Installation with Docker is straightforward. Adjust the following command so that
/path/to/your/config/ points at the folder where you want to store your config and run it:
$ docker run -d --name="home-assistant" -v /path/to/your/config:/config -v /etc/localtime:/etc/localtime:ro --net=host homeassistant/home-assistant
boot2docker on macOS you are unable to map the local time to your Docker container. Use
-e "TZ=America/Los_Angeles" instead of
-v /etc/localtime:/etc/localtime:ro. Replace “America/Los_Angeles” with your timezone.
Additionally, if your expectation is that you will be able to browse directly to
http://localhost:8123 on your macOS host, then you will also need to replace the
--net=host switch with
-p 8123:8123. This is currently the only way to forward ports on to your actual host (macOS) machine instead of the virtual machine inside
xhyve. More detail on this can be found in the docker forums.
$ docker run -d --name="home-assistant" -v /path/to/your/config:/config -e "TZ=America/Los_Angeles" -p 8123:8123 homeassistant/home-assistant
When running Home Assistant in Docker on Windows, you may have some difficulty getting ports to map for routing (since the
--net=host switch actually applies to the hypervisor’s network interface). To get around this, you will need to add port proxy ipv4 rules to your local Windows machine, like so (Replacing ‘192.168.1.10’ with whatever your Windows IP is, and ‘10.0.50.2’ with whatever your Docker container’s IP is):
netsh interface portproxy add v4tov4 listenaddress=192.168.1.10 listenport=8123 connectaddress=10.0.50.2 connectport=8123 netsh interface portproxy add v4tov4 listenaddress=0.0.0.0 listenport=8123 connectaddress=10.0.50.2 connectport=8123
This will let you access your Home Assistant portal from http://localhost:8123, and if you forward port 8123 on your router to your machine IP, the traffic will be forwarded on through to the docker container.
As Synology within DSM now supports Docker (with a neat UI), you can simply install Home Assistant using docker without the need for command-line. For details about the package (including compatability-information, if your NAS is supported), see https://www.synology.com/en-us/dsm/app_packages/Docker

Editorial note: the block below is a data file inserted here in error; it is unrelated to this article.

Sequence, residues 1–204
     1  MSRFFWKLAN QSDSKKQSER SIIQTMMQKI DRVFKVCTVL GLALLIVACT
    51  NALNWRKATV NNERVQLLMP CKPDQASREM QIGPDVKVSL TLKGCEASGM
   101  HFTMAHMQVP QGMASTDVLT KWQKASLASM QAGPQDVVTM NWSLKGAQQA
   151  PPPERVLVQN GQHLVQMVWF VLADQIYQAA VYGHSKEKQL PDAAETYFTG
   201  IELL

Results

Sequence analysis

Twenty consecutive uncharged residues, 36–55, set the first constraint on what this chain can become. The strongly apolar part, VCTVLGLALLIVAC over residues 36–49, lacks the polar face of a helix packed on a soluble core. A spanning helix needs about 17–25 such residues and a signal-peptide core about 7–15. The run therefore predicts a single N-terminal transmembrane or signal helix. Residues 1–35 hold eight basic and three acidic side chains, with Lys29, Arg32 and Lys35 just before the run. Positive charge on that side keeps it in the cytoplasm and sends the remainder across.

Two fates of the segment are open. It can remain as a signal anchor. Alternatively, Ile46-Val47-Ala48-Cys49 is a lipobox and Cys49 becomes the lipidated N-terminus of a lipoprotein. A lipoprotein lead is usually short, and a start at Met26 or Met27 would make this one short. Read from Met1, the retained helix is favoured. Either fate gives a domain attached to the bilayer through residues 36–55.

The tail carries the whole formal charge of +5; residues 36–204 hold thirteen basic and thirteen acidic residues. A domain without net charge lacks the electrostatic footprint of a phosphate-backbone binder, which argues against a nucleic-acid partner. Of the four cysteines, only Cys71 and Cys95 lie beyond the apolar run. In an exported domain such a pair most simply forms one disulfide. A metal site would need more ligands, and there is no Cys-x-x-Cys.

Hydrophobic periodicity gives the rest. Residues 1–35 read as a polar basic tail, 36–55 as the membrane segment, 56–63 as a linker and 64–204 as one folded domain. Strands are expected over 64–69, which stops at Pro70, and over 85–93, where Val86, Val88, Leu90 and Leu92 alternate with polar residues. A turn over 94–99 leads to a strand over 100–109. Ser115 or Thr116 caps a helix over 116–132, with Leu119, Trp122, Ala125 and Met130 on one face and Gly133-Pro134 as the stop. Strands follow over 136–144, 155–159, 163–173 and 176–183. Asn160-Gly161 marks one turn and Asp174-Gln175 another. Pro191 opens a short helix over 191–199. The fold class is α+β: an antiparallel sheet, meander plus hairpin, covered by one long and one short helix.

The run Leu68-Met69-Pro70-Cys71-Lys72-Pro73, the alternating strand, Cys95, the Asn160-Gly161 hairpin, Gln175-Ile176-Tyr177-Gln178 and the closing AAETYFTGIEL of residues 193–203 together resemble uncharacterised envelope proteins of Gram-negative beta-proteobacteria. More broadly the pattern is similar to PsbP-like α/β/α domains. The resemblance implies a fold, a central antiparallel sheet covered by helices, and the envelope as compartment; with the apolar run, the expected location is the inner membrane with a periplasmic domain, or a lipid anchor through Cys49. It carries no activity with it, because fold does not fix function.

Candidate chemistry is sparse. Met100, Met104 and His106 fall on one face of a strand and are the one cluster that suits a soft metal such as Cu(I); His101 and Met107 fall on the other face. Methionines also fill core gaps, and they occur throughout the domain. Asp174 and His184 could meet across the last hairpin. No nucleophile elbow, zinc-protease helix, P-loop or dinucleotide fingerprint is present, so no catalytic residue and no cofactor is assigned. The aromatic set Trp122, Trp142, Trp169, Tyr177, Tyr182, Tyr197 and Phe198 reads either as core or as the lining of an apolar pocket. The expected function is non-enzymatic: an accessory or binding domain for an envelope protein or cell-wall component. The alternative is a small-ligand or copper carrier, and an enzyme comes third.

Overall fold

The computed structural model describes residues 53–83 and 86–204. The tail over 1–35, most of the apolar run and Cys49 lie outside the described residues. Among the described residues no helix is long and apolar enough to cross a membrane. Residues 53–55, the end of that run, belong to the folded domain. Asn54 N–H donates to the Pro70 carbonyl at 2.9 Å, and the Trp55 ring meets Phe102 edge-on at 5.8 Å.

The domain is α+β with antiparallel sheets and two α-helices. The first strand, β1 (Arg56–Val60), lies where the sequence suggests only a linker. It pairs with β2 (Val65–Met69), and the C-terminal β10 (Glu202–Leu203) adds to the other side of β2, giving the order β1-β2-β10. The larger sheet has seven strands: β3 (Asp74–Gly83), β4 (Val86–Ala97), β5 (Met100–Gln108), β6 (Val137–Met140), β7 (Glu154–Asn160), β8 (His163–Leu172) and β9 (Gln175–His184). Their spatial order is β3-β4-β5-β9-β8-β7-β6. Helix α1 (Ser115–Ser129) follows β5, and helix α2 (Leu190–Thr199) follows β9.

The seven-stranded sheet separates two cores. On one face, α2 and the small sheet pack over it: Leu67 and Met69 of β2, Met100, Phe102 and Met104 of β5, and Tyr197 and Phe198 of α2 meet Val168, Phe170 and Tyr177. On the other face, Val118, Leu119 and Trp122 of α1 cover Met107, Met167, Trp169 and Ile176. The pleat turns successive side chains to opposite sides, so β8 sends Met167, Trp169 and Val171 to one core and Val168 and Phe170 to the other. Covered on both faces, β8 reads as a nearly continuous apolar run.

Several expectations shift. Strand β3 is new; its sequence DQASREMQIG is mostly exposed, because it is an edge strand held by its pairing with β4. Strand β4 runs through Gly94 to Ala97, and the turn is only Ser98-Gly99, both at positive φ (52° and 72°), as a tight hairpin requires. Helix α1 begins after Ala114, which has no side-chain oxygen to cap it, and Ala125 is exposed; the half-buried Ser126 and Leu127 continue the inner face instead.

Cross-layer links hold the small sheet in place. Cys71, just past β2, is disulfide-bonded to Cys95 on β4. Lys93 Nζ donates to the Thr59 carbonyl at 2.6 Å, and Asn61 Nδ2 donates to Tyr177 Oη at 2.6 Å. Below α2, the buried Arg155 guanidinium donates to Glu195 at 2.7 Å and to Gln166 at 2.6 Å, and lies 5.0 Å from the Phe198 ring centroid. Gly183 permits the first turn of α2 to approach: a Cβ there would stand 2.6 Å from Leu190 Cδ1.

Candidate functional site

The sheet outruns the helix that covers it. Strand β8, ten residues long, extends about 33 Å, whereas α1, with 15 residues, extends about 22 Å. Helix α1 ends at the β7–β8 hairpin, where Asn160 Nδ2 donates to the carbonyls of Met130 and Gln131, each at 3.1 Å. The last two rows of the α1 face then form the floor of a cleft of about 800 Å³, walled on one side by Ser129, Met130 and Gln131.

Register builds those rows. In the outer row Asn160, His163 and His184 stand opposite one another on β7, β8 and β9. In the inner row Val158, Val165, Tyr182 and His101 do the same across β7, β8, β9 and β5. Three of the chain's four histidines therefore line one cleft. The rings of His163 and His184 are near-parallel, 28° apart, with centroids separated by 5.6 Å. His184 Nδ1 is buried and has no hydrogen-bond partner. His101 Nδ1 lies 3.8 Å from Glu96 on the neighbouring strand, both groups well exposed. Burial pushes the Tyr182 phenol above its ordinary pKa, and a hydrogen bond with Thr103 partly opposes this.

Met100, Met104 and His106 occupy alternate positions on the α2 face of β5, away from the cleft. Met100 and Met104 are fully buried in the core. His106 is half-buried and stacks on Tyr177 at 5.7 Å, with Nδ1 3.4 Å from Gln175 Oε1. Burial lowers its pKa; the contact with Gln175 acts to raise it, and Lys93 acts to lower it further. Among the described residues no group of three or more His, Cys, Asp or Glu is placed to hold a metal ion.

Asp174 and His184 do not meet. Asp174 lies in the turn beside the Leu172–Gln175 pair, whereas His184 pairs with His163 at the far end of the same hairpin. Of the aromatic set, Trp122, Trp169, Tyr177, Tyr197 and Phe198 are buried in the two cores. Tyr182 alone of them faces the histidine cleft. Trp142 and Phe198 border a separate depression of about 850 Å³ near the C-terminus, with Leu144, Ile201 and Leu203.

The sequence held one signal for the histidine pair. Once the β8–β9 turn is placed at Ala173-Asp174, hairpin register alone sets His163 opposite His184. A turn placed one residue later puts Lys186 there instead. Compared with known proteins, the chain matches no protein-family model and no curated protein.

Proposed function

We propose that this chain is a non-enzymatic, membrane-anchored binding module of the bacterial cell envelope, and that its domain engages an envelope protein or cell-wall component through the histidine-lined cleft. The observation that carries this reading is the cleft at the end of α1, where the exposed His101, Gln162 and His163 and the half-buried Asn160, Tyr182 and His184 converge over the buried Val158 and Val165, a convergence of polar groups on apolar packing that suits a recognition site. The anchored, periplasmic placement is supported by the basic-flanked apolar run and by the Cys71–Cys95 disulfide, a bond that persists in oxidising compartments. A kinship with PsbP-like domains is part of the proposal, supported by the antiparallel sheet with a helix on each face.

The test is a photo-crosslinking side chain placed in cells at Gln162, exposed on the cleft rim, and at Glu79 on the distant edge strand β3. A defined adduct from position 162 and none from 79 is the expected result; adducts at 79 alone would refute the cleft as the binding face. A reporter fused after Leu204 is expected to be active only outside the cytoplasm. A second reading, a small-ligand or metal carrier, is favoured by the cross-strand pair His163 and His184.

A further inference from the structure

The steps would be:
- Install “Docker” package on your Synology NAS
- Launch Docker-app and move to “Registry”-section
- Find “homeassistant/home-assistant” with registry and click on “Download”
- Wait for some time until your NAS has pulled the image
- Move to the “Image”-section of the Docker-app
- Click on “Launch”
- Choose a container-name you want (e.g. “homeassistant”)
- Click on “Advanced Settings”
- Set “Enable auto-restart” if you like
- Within “Volume” click on “Add Folder” and choose either an existing folder or add a new folder. The “mount point” has to be “/config”, so that Home Assistant will use it for the configs and logs.
- Within “Network” select “Use same network as Docker Host”
- Confirm the “Advanced Settings”
- Click on “Next” and then “Apply”
- Your Home Assistant within Docker should now run
Remark: to update your Home Assistant on your Docker within Synology NAS, you just have to do the following:
- Go to the Docker-app and move to “Image”-section
- Download the “homeassistant/home-assistant” image - don’t care, that it is already there
- wait until the system-message/-notification comes up, that the download is finished (there is no progress bar)
- Move to “Container”-section
- Stop your container if it’s running
- Right-click on it and select “Action”->”Clear”. You won’t loose any data, as all files are stored in your config-directory
- Start the container again - it will then boot up with the new Home Assistant image
This will launch Home Assistant and serve the web interface from port 8123 on your Docker host.
If you change the configuration you have to restart the server. To do that you have 2 options.
- You can go to the service developer tools, select the service
homeassistant/restartand click “Call Service”.
- Or you can restart it from an terminal by running
docker restart home-assistant